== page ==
Chronic low back pain is a significant public health problem in industrialized society. The intact spine carries the upper body and external loads, allows motion in a physiological range and protects the spinal cord. These different demands necessitate a high degree of complexity with various sources for disorders and pain. The Julius Wolff Institute conducts research in order to counter pain causes and to further optimize the pain treatment.
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Loading-unloading conditions expected in regular daily activities
Strategies for the biological repair of intervertebral discs derive from the premise that disc degeneration results from impaired cellular activity and, therefore, that these structures can be induced to regenerate by implanting active cells or providing factors that restore normal cellular activity. Although in vitro organ culture studies have had some success, most studies showed a significantly decrease in cell viability with culture duration. The decrease in cell viability may be associated with a hampered fluid inflow through the endplates in vitro.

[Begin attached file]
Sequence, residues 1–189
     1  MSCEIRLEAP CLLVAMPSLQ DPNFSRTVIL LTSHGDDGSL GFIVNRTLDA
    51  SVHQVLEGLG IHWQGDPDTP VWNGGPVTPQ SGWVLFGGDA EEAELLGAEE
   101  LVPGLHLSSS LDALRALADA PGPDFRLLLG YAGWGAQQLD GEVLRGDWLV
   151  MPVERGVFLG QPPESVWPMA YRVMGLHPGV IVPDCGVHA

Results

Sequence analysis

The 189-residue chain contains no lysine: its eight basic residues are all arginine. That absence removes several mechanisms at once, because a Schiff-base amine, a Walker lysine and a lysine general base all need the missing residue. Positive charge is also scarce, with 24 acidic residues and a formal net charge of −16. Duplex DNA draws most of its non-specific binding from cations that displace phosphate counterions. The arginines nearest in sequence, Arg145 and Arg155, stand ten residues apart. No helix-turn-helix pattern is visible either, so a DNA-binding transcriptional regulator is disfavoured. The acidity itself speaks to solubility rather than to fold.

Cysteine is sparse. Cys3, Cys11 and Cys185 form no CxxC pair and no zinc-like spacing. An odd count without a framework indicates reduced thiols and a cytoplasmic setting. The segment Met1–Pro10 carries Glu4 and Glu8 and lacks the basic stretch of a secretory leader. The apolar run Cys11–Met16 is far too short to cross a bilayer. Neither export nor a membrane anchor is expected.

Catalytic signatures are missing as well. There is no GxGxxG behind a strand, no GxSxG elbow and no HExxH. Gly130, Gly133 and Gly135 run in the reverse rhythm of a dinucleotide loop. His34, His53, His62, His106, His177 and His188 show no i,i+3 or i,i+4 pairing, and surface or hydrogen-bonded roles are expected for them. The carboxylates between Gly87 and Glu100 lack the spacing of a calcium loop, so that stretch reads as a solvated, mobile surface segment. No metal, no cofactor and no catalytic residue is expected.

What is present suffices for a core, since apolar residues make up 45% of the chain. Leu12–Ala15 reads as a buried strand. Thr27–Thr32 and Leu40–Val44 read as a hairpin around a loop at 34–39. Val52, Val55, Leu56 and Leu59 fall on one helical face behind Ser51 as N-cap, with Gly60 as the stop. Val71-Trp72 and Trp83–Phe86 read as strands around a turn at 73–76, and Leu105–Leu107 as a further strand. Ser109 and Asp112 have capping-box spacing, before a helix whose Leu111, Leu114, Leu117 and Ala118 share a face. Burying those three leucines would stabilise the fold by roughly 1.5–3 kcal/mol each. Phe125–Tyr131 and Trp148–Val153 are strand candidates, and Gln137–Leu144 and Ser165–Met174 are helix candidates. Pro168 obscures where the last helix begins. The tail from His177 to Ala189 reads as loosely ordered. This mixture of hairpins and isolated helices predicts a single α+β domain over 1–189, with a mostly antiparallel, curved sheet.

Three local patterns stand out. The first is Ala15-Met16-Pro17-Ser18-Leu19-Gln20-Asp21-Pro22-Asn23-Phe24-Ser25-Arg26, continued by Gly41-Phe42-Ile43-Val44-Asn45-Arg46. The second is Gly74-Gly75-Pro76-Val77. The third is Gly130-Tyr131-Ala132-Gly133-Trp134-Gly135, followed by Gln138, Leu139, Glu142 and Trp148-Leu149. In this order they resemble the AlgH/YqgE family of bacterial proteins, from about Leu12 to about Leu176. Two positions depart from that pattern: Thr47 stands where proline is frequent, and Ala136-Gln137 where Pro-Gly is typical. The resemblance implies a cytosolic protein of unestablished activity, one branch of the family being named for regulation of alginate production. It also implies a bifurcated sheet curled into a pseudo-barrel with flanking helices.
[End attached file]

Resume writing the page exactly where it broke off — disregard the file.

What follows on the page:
In vivo during the day, intervertebral discs are loaded mainly in compression causing fluid and height losses that are subsequently fully recovered overnight due to fluid inflow under smaller compression. However, in vitro, fluid flow through the endplates, in particular fluid imbibition, is hampered possibly by blood clots formed post mortem. Despite earlier in vitro studies, it remains yet unclear if and how fluid flow conditions in vitro could properly emulate those in vivo.
The objective of this research field is to investigate the fluid flow dependent mechanisms in intervertebral discs under transient loading-unloading conditions expected in regular daily activities.